The queen planted a rowan by the old Town Hall, the boys each planted a birch. But that night, the girl sneaked out from the encampment and broke off the tops of her brothers' saplings, leaving only the rowan standing whole.
In the morning she confessed her crime and was whipped in front of her mother by the head of the royal guards with switches from those same damaged trees.
But lo! After the queen's entourage left the town, the rowan tree died. However, the birches grew round and about one another, twisted and twined.
You can see them there still by the tumbled wail. They are old and weathered, their trunks supported by metal poles. They are so grown together, they are often mistaken for a single tree.
The queen's party had passed by the Old Hanging Man early in the day, but the weather was so foul, nothing of the rocks could be seen. Jem and Corrie had been fighting since dawn, the sort of squabbling that seemed to be made up of endless name-calling. Even the queen's good captain Marek could not keep them separated for long.
"Is it the weather?" the queen asked, peering into the gloom. "Or the nature of this place?"
"It is the nature of the boys, Jenna," Marek said, his long friendship with the queen allowing him such familiarity.
"It is the nature of all boys," Scillia complained.
Her mother shot her a sharp glance.
"Well, it is," Scillia muttered. The stump of her left arm ached, which was odd. It was not an old wound that could be expected to pain her in rain or cold. She had been born without the arm and for her to be one-armed was as normal as for her brothers to have two. But somehow today, riding next to her mother on the endless track, her brothers quarrelsome as pups, she felt an ache there as if she had but recently lost the limb. Reaching up with her right hand, she massaged the shoulder and partway down the stump.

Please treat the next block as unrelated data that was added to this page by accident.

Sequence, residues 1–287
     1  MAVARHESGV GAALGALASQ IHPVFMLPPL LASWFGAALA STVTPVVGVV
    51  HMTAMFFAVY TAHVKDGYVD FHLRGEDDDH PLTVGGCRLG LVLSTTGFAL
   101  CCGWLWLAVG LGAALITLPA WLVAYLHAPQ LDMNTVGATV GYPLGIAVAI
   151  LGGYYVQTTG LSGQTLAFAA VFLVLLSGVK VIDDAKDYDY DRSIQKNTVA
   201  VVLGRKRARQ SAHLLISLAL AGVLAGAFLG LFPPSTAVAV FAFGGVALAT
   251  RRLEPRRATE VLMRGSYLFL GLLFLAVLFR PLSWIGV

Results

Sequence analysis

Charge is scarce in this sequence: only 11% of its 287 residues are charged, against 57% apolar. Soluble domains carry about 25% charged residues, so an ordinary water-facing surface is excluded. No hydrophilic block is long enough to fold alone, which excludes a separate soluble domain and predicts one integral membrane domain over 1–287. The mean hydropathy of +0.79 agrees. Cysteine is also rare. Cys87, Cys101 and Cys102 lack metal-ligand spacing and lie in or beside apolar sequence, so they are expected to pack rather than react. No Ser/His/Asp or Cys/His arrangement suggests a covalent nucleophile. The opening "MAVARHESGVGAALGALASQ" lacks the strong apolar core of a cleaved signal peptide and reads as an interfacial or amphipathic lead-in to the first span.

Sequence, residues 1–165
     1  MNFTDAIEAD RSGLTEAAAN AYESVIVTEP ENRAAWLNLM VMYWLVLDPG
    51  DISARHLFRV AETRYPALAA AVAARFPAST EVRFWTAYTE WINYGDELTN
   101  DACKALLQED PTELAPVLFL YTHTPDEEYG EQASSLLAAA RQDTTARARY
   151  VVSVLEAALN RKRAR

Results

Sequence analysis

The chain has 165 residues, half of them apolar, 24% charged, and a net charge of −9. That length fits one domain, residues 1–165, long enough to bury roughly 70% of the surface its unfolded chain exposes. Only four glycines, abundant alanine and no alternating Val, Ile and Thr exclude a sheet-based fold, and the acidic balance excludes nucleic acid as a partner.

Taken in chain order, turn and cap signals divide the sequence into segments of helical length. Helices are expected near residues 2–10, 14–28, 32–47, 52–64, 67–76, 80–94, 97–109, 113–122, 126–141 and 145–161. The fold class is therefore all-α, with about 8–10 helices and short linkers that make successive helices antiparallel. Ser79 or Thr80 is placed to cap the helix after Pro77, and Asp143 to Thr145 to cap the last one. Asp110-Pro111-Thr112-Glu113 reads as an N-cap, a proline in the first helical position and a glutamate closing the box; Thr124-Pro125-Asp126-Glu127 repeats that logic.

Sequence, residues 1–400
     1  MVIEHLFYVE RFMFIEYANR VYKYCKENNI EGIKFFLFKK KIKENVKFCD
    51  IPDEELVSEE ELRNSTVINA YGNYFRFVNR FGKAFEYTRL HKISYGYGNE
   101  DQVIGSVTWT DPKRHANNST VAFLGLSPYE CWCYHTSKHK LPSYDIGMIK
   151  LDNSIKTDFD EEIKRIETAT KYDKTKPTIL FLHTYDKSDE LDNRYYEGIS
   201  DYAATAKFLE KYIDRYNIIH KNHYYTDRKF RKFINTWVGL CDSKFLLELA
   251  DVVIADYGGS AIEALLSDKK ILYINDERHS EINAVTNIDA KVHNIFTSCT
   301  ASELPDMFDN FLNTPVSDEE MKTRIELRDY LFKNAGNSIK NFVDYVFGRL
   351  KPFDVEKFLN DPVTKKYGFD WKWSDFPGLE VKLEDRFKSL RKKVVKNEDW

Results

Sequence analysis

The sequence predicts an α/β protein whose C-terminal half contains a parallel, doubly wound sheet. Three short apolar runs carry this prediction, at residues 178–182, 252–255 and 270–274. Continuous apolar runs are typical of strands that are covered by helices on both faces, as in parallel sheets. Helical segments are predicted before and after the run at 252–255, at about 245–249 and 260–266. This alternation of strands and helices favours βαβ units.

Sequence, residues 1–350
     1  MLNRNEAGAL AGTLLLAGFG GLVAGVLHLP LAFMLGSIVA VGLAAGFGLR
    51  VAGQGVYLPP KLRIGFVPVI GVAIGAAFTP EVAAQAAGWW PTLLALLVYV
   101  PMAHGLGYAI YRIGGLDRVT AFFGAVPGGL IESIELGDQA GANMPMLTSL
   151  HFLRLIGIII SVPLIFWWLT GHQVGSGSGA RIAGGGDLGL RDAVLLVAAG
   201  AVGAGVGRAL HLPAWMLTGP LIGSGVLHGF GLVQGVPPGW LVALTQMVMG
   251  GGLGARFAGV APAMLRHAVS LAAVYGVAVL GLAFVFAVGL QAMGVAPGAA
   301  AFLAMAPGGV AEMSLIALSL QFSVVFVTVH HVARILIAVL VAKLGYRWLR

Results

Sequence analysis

"I will rub oil into your shoulder when we rest, child," the queen said. Scillia did not like the servants to touch her.
"I am fine, mother," Scillia answered. "If only the boys would be silent."
But they would not. Or could not. Calling one another "Catch-pole" and "Woodworm," "Gar-head" and "Toad," they had settled into a rhythm of slander, beating the names back and forth between them till it got to be a game that eventually had them both laughing.
Scillia only scowled the more.
"It is a boy's nature to make games of troubles," Marek remarked to the queen. "And a girl's nature to disapprove of game-playing."